In October 1954 I arrived at King's College, London, as the new professor of applied mathematics. In a small department with a small research group, the choice of topic for myself and my closest colleagues was clearly crucial. I felt it had to be a subject not widely pursued at the time because we could not compete with the big battalions.

Having already had some interest in the theory of gravitation and having at London C.W. Kilmister, with F.A.E. Pirani soon to follow me from Cambridge, the choice of general relativity and gravitation as a topic was fairly obvious. Work on various problems began that winter but was not particularly focused.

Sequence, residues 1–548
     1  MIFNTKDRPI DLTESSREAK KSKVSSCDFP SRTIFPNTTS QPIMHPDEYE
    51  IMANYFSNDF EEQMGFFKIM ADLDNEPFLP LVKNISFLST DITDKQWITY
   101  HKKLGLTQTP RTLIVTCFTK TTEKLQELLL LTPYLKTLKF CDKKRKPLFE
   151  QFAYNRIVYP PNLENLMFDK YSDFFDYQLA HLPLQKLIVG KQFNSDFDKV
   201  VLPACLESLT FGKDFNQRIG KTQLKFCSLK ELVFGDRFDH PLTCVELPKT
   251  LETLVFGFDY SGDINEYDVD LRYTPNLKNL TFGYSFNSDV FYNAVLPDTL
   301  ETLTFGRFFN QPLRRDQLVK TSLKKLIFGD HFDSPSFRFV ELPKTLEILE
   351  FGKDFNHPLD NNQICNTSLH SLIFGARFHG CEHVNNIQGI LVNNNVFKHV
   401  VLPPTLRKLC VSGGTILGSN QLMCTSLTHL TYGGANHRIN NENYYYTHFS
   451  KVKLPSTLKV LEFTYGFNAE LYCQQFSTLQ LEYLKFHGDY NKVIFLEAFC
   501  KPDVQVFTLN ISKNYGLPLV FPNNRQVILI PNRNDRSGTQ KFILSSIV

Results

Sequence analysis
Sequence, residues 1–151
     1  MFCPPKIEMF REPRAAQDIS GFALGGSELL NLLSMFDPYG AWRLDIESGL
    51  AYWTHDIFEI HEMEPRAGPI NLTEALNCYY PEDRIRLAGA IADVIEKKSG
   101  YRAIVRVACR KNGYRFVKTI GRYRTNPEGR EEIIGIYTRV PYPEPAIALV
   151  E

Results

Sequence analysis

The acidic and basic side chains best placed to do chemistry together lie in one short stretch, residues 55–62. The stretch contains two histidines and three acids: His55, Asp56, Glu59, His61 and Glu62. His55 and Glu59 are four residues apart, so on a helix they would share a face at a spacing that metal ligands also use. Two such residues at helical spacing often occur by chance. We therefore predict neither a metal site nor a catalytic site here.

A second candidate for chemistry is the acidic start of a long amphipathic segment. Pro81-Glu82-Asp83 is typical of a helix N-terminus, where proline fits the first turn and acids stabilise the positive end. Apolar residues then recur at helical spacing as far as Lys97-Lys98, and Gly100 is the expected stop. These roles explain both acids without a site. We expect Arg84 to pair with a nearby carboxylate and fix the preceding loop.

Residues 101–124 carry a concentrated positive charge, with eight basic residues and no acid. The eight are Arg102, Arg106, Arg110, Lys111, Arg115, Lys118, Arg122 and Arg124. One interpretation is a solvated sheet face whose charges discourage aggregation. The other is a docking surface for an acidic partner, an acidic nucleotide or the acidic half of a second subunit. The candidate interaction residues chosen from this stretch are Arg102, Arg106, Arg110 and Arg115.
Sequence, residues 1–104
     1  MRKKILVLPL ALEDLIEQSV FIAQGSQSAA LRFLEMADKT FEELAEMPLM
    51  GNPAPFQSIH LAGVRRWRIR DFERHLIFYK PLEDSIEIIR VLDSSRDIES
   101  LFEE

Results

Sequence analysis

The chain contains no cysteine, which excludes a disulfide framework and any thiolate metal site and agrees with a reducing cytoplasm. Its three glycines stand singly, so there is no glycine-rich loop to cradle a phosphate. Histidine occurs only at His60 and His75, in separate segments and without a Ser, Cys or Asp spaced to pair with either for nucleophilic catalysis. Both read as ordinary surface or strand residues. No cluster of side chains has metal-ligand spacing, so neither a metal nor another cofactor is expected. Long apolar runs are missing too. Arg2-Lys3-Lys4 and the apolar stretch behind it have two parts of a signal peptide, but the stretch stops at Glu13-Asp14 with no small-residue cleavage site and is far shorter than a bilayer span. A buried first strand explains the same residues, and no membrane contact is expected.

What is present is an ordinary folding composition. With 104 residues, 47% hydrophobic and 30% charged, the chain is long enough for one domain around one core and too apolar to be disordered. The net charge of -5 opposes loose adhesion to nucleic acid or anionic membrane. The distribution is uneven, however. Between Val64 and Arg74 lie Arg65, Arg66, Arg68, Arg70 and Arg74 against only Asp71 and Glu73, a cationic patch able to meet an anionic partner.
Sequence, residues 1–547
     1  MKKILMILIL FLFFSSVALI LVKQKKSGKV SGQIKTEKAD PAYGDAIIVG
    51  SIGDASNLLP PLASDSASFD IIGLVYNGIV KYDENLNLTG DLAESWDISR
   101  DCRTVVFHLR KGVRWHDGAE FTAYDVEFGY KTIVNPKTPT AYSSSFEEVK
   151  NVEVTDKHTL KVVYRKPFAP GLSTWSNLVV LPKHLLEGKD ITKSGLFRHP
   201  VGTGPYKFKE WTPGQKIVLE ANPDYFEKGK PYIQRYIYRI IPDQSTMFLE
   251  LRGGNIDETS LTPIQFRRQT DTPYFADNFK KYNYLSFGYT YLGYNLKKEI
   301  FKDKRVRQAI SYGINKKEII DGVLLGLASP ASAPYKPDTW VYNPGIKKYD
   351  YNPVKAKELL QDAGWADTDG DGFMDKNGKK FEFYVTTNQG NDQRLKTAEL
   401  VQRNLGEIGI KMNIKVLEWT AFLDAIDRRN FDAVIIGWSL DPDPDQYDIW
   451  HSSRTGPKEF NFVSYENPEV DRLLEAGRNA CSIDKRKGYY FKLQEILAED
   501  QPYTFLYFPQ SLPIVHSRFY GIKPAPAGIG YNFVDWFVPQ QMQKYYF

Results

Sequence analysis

In June 1955 I was pleased to be invited to what turned out to be a superb conference in Berne to celebrate 50 years since special relativity. The conference, organized by An-the Mercier and chaired by Wolfgang Pauli, was...

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